Esther 6:7, Question 1. Why does Haman repeat Achashverosh’s question?

ז וַיֹּאמֶר הָמָן אֶלהַמֶּלֶךְ אִישׁ אֲשֶׁר הַמֶּלֶךְ חָפֵץ בִּיקָרוֹ

7. And Haman said to the king, “The man whom the king desires in glorifying him…

  • The Malbim writes that Haman wants to emphasize that the highest possible honor is to be the man whom the king wishes to honor.
  • R’ Jonathan Taub explains that the verse does not say bi’ish, (“in the man” as in the previous verse) but just ish (“man”) because that man who deserves the king’s favor needs nothing else.
  • Maharitz Dushinsky notes that Haman repeated this phrase because he wanted to see if Achashverosh would object to the word “desires.” The king should honor Mordechai for saving his life.
  • The Sfas Emes points out that one of the messages of Purim is that the King desires us. Yehoshua and Calev (Bamidbar 14:8) similarly tried to convince the Jewish people that if H-Shem desires us, nothing stands in our way.
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Esther 1:20, Question 3. To whom or what does the phrase “great is she” refer?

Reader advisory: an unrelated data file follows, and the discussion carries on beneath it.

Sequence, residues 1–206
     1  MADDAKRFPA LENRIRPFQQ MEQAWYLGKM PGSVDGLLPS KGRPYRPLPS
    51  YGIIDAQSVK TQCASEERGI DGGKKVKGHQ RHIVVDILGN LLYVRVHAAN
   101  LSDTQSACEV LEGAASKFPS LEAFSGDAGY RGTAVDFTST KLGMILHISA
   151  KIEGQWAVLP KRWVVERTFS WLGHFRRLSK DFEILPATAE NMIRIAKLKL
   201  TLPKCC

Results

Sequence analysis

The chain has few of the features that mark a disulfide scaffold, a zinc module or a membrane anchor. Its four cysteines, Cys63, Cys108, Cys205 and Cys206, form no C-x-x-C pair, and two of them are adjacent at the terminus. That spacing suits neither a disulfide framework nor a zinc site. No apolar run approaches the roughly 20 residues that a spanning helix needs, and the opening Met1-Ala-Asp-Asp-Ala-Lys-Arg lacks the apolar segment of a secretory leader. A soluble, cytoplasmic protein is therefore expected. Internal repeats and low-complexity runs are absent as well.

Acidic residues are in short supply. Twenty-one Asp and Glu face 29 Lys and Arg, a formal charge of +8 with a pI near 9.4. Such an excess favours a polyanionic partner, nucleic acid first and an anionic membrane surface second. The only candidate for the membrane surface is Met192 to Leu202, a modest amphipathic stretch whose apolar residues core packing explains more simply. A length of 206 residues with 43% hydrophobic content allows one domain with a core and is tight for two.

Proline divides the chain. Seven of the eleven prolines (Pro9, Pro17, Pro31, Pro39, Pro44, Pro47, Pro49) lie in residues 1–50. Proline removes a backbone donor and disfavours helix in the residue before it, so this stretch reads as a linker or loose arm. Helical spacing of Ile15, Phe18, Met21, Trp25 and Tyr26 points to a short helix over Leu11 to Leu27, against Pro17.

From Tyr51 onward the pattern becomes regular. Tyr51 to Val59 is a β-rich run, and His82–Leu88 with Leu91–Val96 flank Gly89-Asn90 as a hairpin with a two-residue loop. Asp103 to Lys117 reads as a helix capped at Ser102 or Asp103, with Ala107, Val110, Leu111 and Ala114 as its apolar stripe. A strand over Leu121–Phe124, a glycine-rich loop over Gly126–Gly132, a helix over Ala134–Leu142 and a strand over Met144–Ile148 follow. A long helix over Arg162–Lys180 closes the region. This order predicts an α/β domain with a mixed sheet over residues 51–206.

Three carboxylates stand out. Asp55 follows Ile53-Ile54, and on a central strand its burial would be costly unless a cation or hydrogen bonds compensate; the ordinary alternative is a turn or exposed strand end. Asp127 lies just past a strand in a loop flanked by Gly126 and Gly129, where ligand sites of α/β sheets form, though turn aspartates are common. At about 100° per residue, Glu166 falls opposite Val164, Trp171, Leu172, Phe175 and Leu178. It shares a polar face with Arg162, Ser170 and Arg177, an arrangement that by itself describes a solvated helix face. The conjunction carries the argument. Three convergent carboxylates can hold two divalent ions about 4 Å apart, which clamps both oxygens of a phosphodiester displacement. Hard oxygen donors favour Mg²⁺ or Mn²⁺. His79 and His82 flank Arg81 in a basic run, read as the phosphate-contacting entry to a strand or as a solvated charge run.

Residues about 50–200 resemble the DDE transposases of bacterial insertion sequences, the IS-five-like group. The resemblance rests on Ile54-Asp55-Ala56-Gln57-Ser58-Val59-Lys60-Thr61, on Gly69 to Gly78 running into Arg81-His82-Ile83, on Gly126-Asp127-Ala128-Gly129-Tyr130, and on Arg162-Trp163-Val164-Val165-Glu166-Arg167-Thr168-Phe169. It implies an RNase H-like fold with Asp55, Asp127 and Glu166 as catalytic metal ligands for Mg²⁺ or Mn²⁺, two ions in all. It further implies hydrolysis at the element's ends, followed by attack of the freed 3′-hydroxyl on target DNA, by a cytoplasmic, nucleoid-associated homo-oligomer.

• According to the Alshich, the phrase, “great is she,” refers to Achashverosh’s kingdom.
  • The Midrash (Esther Rabbah 4:10) has an argument regarding this, and says another possibility is that Vashti’s transgression was great. Ibn Ezra states that Vashti’s transgression was multiplied by the fact that she transgressed against such a great kingdom.
  • In citing these opinions, the Maharal in Ohr Chadash that both the kingdom and Vashti required a great amount of spiritual repair (tikkun). The Maharal (and the Malbim) also write that the decree, itself, was great1. Class participant ES suggested that this masculine/ feminine mixing demonstrates the gender confusion Achashverosh so feared.
  • The Vilna Gaon writes that it is the king who is being called great2.
  • Finally, the Maharal writes that what is great is what this decree will bring with it – namely, the miraculous rescue of the Jews of Persia.

1Grammatically, there is a problem in that the Hebrew for “it” here is “hee,” a feminine term. In his translation of the Malbim’s commentary of Megillas Esther, Rabbi Jonathan Taub suggests that the Malbim intends that the kingdom (feminine) is going to be improved by means of the decree.

2He does not seem to deal with the grammatical anomaly mentioned above.